But I wouldn’t advise you do that. As this pulp is not at all liquidy, it takes a long time and a lot of energy to pass it through like this.
Luckily there’s a more modern way which is easy and quick. (As much as I like using old-fashioned methods, even I have my limits. The same goes for my garlic salt.) Take out a scale which will measure up to 10 kg (or 20 pounds), more or less.
Weigh a big empty pot.
Fill it with your pieces of cleaned quince.
And here’s the modern solution: the immersion blender or hand blender. Blending the pulp gives you the same end result as passing it through the mill, but in just a few minutes.
Weigh the pot full of blended fruit. Subtract the weight of the empty pot from this second full weight, and you’ll have the weight of the fruit pulp. In my case the empty pot weighed 1560 grams and the full one 4820 grams, so I had 3260 grams (over 7 pounds) of pulp.
Start sterilizing your jars. I really like doing this in the oven as I learned from Rose di Burro (where I got the recipe of orange lemon marmalade which is absolutely fantastic!) You put the washed jars inside a cold oven, turn it on to 160°C (320°F) and leave them in there for 30 minutes. You fill them up while they’re still hot. The caps, on the other hand, get boiled for five minutes.
The recipe says to add the same weight in sugar as the weight of quince pulp, but I don’t like jams that are too sweet. I found the best ratio to be 2/3 of the pulp’s weight in sugar. So in my case I added 2100 grams (about 4.5 pounds) of sugar. You will also need lemon juice, one tablespoon for every 400 grams (14 ounces) of pulp. It’s better if you prepare it now, before turning on the stove.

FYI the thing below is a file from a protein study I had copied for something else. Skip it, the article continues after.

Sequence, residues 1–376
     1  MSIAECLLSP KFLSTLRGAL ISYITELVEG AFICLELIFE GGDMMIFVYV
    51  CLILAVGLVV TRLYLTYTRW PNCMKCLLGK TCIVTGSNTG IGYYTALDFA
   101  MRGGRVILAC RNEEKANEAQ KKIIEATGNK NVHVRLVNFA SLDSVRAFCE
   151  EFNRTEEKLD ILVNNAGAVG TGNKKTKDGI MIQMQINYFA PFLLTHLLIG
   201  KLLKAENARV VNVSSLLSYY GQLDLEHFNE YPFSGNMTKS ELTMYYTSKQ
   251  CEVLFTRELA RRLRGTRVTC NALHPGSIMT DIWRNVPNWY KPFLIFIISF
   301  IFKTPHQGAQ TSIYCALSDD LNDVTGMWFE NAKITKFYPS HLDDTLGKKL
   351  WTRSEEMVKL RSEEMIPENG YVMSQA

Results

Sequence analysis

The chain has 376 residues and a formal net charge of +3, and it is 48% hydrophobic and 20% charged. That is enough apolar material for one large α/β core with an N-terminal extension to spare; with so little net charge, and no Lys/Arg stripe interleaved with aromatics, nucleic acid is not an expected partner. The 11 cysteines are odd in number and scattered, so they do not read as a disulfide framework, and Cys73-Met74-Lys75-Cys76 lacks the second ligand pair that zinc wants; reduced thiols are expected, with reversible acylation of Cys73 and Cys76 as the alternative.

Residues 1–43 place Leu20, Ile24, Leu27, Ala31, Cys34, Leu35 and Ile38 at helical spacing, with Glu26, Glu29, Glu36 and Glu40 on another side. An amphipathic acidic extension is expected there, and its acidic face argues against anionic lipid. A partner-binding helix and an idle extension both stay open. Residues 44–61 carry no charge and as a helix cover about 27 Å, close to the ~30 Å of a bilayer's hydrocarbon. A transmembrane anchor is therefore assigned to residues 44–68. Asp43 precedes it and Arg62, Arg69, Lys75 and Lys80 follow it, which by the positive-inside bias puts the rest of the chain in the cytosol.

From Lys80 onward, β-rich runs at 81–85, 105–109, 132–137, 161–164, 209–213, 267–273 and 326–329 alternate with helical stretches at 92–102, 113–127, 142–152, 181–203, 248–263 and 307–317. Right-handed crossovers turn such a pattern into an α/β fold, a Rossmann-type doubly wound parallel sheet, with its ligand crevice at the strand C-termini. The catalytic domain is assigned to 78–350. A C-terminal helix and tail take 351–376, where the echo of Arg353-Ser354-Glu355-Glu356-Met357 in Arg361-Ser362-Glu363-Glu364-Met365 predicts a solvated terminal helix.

I don’t have pictures of this part because I couldn’t leave the pot alone as it cooked. You need to stir the pulp and sugar constantly at medium heat. At first it will be very hard, but after a little it gets more manageable. You also have to be careful of the bubbles and to not let it stick to the bottom of the pot. Differently from other types of jam and marmalade, it never gets liquidy, but remains at the consistency of a cream.
After about 2o minutes of cooking, turn off the heat, add the lemon juice, stir it in well and put inside the sterilized jars. Put the caps on tight and turn them upside down. Once they’ve cooled you can turn them back around and they should have become vacuum-sealed. If not (the center of the cap pops back up when pushed), it’s better to keep the jar in the fridge. (My big bag of quince made about 13 different-sized jars.)
The consistency is easily spread but not liquid. The flavor is sweet with a touch of tartness. The smell and taste are just amazing.
It’s delicious on a slice of bread, perfect for breakfast or a snack. It’s also a great gift idea (and in my experience always much appreciated)… but perhaps it’s even better if you keep it all for yourself!
If you liked learning how to make quince jam with this tutorial, make sure you check out my recipe for Chocolate Banana Bread!